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Bucky Covington CD Review, Track by Track

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We've already posted a review of the new Bucky Covington album. But here's a brief track-by-track critique of each of the songs on the CD ...

American Friday Night: Sets a recurrent theme of good-old-boy rural-life nostalgia, which may reflect Bucky's background but also forms the subject matter for every third song you hear on a country album these days. So if the song itself isn't gripping (this one comes close with its rock edge, but falls short), it becomes a little too familiar.

A Different World: The single, and I'm liking it better musically in the context of the album. A bit lush in the production, but a likable song, if one better suited to a sour old coot in the 50+ demographic than someone who just came off of American Idol.

I'll Walk: Only in country music do you get tearjerkers built on clever wordplay like this. Some people can't stand 'em, but I'm fascinated by the structure and the songwriting artistry (or, if you prefer, contrivances). Built around the title declaration, the song has, in the first verse, the female protagonist saying she'll walk home after a fight with the singer; then, after a speeding car deprives her of the use of her legs, she declares in the second verse that she'll walk again someday; finally, in the last verse, she looks up from her wheelchair as her daddy prepares to walk her down the aisle to be wed to the singer, and says -- you guessed it -- "I'll walk."

Bucky Covington Head ShotBack When We Were Gods: Nostalgia for the good old high school days, but merely a routine rocker.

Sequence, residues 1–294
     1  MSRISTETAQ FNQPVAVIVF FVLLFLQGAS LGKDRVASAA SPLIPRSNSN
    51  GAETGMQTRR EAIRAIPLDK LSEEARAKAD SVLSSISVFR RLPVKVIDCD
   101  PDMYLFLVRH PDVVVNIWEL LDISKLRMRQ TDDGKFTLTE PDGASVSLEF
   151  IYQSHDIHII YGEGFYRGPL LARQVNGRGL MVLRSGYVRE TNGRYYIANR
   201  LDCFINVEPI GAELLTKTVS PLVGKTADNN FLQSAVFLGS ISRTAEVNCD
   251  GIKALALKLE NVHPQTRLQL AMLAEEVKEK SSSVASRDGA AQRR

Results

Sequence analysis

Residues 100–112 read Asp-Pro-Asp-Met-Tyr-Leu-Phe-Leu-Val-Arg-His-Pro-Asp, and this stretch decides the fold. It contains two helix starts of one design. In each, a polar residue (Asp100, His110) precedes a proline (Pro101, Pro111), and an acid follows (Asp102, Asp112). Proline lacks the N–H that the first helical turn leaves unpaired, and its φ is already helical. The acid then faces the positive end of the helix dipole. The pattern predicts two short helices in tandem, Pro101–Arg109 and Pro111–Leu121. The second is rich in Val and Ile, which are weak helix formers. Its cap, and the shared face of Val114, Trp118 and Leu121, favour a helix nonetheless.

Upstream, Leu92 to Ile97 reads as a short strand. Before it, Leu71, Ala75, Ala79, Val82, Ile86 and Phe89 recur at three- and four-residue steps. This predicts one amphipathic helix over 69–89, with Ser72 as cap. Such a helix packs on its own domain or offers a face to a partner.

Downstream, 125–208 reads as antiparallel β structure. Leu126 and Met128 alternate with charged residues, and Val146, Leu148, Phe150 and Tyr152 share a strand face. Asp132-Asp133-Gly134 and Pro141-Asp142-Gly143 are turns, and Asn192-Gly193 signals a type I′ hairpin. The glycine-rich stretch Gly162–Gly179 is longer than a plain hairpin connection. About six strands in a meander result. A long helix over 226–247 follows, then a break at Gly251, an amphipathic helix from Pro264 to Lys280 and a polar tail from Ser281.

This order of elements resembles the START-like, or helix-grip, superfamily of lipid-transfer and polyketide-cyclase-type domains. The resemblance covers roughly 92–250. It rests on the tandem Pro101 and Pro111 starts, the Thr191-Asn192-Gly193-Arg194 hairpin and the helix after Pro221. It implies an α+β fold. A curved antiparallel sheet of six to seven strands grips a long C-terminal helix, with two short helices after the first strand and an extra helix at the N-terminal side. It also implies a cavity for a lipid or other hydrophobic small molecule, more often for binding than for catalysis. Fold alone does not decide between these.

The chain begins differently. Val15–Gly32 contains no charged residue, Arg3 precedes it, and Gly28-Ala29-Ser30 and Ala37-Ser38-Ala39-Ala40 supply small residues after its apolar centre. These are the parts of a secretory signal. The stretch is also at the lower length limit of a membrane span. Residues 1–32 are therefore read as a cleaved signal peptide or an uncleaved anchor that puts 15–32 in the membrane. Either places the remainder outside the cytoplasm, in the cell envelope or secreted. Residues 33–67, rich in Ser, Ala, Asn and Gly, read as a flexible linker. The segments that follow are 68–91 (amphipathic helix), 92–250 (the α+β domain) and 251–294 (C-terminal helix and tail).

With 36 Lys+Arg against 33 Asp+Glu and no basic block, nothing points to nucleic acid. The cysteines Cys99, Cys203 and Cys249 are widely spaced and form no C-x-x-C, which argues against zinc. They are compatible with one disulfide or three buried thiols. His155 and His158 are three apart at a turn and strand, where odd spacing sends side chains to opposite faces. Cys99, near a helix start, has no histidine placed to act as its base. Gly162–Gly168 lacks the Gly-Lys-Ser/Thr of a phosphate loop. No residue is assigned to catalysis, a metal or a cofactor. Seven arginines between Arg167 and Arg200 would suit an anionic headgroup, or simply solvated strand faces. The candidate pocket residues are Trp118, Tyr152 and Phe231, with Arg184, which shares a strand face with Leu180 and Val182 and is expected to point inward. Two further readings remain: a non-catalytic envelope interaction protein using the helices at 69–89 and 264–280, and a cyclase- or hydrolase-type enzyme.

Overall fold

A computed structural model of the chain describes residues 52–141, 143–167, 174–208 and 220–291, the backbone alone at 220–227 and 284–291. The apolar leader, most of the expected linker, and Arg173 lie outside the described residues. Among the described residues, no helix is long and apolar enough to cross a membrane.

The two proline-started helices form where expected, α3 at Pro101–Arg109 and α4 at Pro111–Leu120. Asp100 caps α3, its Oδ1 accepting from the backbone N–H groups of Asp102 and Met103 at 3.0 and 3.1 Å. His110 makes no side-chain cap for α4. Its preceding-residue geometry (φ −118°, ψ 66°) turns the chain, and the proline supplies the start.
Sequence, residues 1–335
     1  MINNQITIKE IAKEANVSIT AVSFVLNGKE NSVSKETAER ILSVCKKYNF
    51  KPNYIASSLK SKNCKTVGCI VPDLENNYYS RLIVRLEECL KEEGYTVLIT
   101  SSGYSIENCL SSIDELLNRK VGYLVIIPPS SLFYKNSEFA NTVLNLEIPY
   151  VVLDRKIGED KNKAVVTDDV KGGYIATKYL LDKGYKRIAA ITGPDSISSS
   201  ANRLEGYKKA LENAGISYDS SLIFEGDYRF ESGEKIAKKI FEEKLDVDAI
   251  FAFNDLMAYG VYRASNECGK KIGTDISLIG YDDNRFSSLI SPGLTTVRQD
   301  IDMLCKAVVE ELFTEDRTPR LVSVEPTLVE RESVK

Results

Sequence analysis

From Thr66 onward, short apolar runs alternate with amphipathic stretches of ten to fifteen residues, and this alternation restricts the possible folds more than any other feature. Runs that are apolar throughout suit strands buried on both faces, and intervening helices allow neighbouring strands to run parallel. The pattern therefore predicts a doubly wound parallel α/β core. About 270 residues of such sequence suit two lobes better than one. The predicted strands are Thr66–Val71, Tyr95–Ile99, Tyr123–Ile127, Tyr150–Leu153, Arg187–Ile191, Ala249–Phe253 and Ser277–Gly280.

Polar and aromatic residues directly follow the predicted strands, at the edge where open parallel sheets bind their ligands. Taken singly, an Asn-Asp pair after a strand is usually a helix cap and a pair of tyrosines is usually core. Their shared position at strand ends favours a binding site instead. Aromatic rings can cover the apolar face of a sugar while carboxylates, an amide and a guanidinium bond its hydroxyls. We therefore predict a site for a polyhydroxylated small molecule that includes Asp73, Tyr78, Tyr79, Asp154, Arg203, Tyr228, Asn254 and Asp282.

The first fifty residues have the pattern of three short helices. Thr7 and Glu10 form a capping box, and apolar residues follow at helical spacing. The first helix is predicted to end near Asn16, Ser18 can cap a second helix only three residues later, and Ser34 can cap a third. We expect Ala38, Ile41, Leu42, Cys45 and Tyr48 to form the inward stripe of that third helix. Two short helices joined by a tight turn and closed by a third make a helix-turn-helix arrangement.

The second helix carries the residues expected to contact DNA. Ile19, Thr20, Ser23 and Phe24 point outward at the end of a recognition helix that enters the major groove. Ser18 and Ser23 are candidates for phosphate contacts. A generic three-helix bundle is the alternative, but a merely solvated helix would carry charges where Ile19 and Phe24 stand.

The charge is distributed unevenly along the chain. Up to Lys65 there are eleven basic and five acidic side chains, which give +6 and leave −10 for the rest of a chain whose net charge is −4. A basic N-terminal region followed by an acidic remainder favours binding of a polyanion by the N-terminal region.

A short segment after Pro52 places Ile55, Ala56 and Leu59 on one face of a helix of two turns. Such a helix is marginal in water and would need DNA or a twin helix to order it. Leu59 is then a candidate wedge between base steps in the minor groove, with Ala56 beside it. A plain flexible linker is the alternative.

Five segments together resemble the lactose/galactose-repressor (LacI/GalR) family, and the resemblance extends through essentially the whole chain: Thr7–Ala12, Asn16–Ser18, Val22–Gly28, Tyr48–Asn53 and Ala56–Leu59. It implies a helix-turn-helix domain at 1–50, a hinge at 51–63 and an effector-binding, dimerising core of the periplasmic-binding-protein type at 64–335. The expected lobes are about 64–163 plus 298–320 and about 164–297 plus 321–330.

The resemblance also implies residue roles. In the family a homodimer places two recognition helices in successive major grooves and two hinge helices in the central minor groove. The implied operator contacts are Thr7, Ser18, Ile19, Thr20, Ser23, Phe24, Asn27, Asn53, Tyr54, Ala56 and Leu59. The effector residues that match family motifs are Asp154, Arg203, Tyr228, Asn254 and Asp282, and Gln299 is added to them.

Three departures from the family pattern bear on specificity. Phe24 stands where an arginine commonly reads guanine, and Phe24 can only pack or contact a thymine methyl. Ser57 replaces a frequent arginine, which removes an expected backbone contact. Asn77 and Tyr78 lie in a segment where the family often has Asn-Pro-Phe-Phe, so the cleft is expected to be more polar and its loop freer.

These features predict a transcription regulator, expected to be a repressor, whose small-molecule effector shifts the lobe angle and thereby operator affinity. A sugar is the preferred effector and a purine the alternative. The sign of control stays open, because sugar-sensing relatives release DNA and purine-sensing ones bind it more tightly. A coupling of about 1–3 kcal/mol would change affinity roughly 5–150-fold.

Ain't No Thing: A dull, overlong, overproduced rocker that's almost saved by an impassioned guitar solo.

I'm Good: More clever wordplay, attached to a sprightly Southern pop tune that reminds me a little of Arthur Alexander's oldie (the hit was by Steve Alaimo) Every Day I Have to Cry.

Empty Handed: A morality tale that's probably the best rocker on the record.

Hometown: A bucolic, nostalgic reverie that sort of lulled me to sleep.

It's Good to Be Us: Promising, rockin' celebration of carefree, penniless youth (cf. Back When We Were Gods) that's let down by a strictly ordinary chorus.

Carolina Blue: Fond reminiscence about the girl the singer left behind in Carolina when he went to Hollywood. Sounds like a future single; strictly assembly-line country.

The Bible and the Belt: Tribute to the educational value of scriptures, gospel singing and corporal punishment, the second of which threatens to overpower a fairly slight rocker.

Matt Richenthal is the Editor in Chief of TV Fanatic. Follow him on Twitter and on Google+.

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